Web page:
4. Visitacion Valley

Photo: David McSpadden
Photo: David McSpadden, Flickr, Creative Commons

Visitacion Valley, known to some in its vernacular form as Viz Valley, is located in the southeastern quadrant of San Francisco. Adjacent to Excelsior and Portola, it is pretty much similar to its neighboring residential neighborhoods–but flatter, naturally, since it’s a valley. It’s one of the last affordable places in San Francisco that offers space and safety, and it will certainly become more popular once the rest of the world catches on to its attractive attributes.

5. Portola

Photo: Jen, Flickr, Creative Commons
Photo: Jen, Flickr, Creative Commons

Completely hidden, Portola is one of San Francisco’s “secret neighborhoods.” It has a vibrant personality and is more city-like than the other affordable neighborhoods in San Francisco. It has great views, pleasant residential streets, as well as a bustling business scene. In addition to the Sunset District, this is one of the more commercial and community-like neighborhoods among the shrinking list of affordable places to buy property in the City.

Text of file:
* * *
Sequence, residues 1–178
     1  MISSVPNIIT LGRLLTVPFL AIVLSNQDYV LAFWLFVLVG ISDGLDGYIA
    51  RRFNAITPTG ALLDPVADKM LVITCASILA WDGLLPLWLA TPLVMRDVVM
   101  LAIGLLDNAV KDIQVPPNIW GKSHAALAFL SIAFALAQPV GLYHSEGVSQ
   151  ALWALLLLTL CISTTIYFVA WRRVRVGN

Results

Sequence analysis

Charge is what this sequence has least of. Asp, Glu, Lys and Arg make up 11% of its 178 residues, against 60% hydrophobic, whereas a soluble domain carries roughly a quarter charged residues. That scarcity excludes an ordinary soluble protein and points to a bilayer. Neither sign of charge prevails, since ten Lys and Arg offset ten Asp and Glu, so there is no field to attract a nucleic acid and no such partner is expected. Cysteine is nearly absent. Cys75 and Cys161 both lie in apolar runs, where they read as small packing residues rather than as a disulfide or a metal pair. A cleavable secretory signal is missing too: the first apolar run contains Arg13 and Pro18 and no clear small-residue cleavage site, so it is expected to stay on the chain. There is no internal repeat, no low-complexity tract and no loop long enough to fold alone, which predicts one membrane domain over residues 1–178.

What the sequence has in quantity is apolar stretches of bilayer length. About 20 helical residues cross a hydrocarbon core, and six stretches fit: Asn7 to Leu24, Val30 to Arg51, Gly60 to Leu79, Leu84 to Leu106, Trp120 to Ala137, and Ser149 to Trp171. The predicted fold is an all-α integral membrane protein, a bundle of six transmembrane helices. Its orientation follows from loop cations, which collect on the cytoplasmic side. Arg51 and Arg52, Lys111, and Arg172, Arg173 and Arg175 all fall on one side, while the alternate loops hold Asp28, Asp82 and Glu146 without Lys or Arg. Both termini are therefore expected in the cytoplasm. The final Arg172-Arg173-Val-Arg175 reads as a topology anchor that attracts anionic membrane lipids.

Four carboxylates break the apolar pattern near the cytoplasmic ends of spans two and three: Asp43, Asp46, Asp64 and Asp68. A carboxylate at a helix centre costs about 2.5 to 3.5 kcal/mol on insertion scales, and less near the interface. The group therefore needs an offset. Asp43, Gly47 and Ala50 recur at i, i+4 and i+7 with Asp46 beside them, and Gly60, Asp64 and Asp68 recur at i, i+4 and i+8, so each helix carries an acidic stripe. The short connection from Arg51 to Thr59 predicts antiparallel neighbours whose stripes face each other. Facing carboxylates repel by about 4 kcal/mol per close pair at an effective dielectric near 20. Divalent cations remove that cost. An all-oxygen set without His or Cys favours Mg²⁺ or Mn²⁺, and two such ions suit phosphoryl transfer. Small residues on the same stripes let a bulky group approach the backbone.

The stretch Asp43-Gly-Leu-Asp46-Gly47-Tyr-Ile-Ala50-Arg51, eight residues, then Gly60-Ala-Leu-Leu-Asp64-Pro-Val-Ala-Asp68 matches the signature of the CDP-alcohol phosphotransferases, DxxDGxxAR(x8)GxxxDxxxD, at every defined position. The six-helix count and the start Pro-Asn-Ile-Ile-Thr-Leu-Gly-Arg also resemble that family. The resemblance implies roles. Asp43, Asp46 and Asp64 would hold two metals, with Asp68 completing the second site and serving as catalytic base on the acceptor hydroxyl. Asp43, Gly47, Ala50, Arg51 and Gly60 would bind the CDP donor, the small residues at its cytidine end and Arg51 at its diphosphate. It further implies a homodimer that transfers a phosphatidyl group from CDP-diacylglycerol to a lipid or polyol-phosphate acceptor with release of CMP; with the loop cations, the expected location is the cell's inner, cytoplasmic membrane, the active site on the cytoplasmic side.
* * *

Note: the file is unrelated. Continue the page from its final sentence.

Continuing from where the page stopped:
6. Ingleside

Photo: Marcin Wichary, Flickr, Creative Commons
Photo: Marcin Wichary, Flickr, Creative Commons

Ingleside is one of the most diverse and picturesque neighbohoods in San Francisco, with plenty of various culturural landmarks and institutions. Located east of San Francisco State University, there are myriad views to be enjoyed from the summits of the inclined streets. This area offers way more street parking than the City’s more congested areas, which makes it easier to get to local commercial thoroughfares if you’re a driver. With geometric and candy colored homes sprinkled across the area, this adorable and safe neighborhood has a plethora of affordable housing opportunities that won’t require you to live in squalor.

Related: Meet SF: A Brief History of Ingleside Terraces

7. Oceanview

Photo: Eric E Castro, Flickr, Creative Commons
Photo: Eric E Castro, Flickr, Creative Commons

Located south of Ingleside, Oceanview is an idyllic, scenic neighborhood that captures much of the cinematic essence of San Francisco. This area has calming neighborhood vibes and is less congested than other stifling areas. Additionally, Oceanview’s location provides sweeping views of the City’s rolling hills, so there’s more than enough eye candy to keep you occupied. It’s tucked away from the busier areas of San Francisco, which is likely why homes here are still well below the local averages. As such, purchasing a home here does not compromise quality for the price.

1 Comment

  • Tobius says:

    The homes listed in the outer sunset will all but the last 376sft one Will all go well above 1 million. So this is not an effective alternative for the ‘under one million’ article.